Malaysia to study Britain’s approach in fighting human trafficking


  • Nation
  • Wednesday, 11 Nov 2015

MANCHESTER: Malaysia will study the experiences of Britain in addressing human trafficking in terms of approach and preventive measures through more stringent laws, said Deputy Prime Minister Datuk Seri Dr Ahmad Zahid Hamidi.

He said this included looking at whether the Anti-Trafficking in Persons and Anti-Smuggling of Migrants Act should be tightened.

“In Britain, there is a provision for life imprisonment while in Malaysia, the maximum penalty is 10 years’ imprisonment only.

“This appears as if Malaysia is still able to tolerate such activities compared to Britain,” he told reporters after an evening reception with Malaysians here on Monday night.

In the afternoon, Dr Ahmad Zahid, who is on a four-day working visit to Britain, attended a briefing besides holding discussions in London on modern-day slavery, or better known as human trafficking.

The Deputy Prime Minister said, among others, Malaysia would see the suitability of referring to the British experience to reduce the number of those falling victims and becoming modern-day slaves once related laws were tightened.

Dr Ahmad Zahid said that during the briefing, the Malaysian delegation was informed of the approach used by the British government to control and reduce the trafficking of people as forced labour or sex slaves by involving non-governmental organisations in the rehabi­litation.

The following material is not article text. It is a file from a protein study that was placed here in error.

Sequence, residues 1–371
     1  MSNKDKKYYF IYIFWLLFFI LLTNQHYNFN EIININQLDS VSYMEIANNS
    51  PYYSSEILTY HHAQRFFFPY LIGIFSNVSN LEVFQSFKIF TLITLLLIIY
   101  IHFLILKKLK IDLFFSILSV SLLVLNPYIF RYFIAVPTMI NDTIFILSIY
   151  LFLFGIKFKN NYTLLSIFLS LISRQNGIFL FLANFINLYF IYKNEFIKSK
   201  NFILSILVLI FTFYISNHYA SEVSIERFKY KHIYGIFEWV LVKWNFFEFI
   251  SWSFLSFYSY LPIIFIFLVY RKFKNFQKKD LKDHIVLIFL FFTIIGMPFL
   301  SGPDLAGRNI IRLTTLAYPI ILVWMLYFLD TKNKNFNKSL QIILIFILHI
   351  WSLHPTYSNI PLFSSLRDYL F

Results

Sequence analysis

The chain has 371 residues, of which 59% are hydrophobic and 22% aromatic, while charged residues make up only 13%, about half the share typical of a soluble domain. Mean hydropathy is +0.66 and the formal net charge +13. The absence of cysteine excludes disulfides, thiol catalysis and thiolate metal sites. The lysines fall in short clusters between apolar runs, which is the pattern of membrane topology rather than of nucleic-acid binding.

“In Britain, the government engages the NGOs to give comfort to the victims who are undergoing rehabilitation, besides forging ­cooperation with embassies and consulates so that those intending to enter can be blocked in advance,” he said.

At the reception, Dr Ahmad Zahid reminded Malaysians abroad to be always grateful for having the opportunity to continue their ­studies outside the country and to protect Malaysia’s good name.

They were also asked to be rational in analysing information received about developments in Malaysia, particularly from the alternative and social media because most of the information were half-truths and not based on journalism ethics.

Almost 200 Malaysian students studying in Britain attended the evening reception.

In another development, Dr Ahmad Zahid said Malaysia was keen to emulate Britain in the ­management of its National Security Council.

Courts Crime , BNE , zahid hamidi